A.A.Milne gave Winnie many wonderful quotes. One of my favourites is: “If ever there is tomorrow when we're not together. There is something you must always remember. You are braver than you believe, stronger than you seem, and smarter than you think. But the most important thing is, even if we're apart... I'll always be with you.”

My next stop was Sault St. Marie to see my son Kyle. We hadn’t chatted in a while so it was great to catch up. The last time we hung out together was in 2010 when he did one of the marathons with me along the waterways of the Sault.

I arrived at Kristina’s in time for a wonderful meal of fried potatoes, corn and steak tenderloin wrapped in bacon. Sorry McDonalds, not tonight.

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Winter is Coming

Posted by martin.parnell |

The last four days I’ve covered 3,842 kms and listened to the 28 discs of the audio book 1 of the Game of Thrones. My trip so far in “Throne-Talk” goes like this: “The journey started in the barren mountain lands of British Columbia and Alberta. The truck worshippers hunted far and wide for Double-Doubles and Tim-Bits. Travelling day and night I passed the wheat and corn fields of the flat lands. Low land dwellers have built huge cylindrical structures to the Sun Gods and pray for rain. Eventually I arrived at the Lakes that are great. Shear faces of rock plunge hundreds of fathoms below the ice clear liquid where the terrifying water dragons live.” One of the most incredible things is the narration by Roy Dotrice. Roy does an amazing job on all the voices and holds the Guinness World Record for the most character voices for an audiobook.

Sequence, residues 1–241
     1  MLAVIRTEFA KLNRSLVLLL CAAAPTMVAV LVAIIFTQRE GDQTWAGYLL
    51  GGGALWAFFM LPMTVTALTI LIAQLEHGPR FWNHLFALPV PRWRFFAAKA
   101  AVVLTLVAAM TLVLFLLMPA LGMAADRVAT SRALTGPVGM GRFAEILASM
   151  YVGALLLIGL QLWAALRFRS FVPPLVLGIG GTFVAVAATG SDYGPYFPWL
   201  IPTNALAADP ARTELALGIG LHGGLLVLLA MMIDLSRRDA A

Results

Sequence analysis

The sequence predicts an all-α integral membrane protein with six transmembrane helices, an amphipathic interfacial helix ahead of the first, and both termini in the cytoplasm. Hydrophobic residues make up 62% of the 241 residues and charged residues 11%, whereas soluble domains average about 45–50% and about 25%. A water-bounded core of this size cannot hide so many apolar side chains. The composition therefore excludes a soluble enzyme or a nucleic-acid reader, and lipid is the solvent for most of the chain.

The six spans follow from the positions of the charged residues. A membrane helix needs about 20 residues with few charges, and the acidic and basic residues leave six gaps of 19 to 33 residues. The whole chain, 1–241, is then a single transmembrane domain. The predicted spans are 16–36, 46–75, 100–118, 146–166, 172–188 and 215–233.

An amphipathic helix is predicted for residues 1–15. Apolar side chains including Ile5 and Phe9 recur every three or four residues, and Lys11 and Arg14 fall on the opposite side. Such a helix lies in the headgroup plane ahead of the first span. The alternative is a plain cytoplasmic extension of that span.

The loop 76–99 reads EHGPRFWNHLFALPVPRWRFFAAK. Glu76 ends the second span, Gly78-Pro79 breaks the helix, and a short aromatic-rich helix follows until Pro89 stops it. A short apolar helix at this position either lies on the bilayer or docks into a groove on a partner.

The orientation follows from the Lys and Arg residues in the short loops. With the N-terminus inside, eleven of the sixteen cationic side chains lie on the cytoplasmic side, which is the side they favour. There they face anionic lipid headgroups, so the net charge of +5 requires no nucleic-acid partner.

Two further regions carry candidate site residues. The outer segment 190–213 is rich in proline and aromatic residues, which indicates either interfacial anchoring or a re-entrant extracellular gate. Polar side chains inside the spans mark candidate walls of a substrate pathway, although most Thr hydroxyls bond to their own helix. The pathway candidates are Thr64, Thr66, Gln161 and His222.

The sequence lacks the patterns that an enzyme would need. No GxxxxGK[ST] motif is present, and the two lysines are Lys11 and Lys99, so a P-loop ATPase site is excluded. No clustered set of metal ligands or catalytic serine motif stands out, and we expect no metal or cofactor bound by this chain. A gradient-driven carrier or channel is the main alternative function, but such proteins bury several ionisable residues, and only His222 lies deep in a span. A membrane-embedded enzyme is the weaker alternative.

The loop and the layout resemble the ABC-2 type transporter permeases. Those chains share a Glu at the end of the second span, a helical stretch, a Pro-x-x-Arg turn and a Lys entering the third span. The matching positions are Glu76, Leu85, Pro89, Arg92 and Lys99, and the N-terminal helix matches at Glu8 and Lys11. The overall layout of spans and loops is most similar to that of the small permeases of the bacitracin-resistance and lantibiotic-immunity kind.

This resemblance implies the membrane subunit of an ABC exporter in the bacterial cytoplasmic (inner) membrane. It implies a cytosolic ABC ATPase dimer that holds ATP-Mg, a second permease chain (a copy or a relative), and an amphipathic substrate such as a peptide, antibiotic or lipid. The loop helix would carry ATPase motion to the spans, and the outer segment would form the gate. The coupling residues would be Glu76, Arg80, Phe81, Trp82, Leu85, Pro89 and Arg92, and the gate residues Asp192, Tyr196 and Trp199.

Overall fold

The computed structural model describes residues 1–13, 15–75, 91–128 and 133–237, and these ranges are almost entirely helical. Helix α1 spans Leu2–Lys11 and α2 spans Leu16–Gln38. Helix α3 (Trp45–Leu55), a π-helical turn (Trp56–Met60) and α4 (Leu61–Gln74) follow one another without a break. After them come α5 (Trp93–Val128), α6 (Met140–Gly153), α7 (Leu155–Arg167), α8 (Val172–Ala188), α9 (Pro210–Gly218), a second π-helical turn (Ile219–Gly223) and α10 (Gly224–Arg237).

This morning I said good bye to Paul, Kris and grandson Matthew. Kris and Matthew will be out for visit soon and Sue and I are really looking forward to that. I made good time heading south passing through Parry Sound, Barrie, around Toronto and down to London. I had booked into the Lake Whittiker Campground and after a few wrong turns I found it.

Big day tomorrow. Guinness World Record attempt #4, the 100m dash relay at Western University. The goal is for the most people to run it in one hour and current record is 254 participants. It made me wish we had my friend San Effah there. In fact 300 Sam’s would do the trick. Sam is the fourth fastest Canadian ever to run the 100m in 10.06 seconds. Not only is he super-fast but he is also an Athlete Ambassador for Right To Play. Sam was out at the Calgary marathon cheering everyone on and a week ago he was a volunteer at the University of Calgary GWR for Quidditch. Top fellow.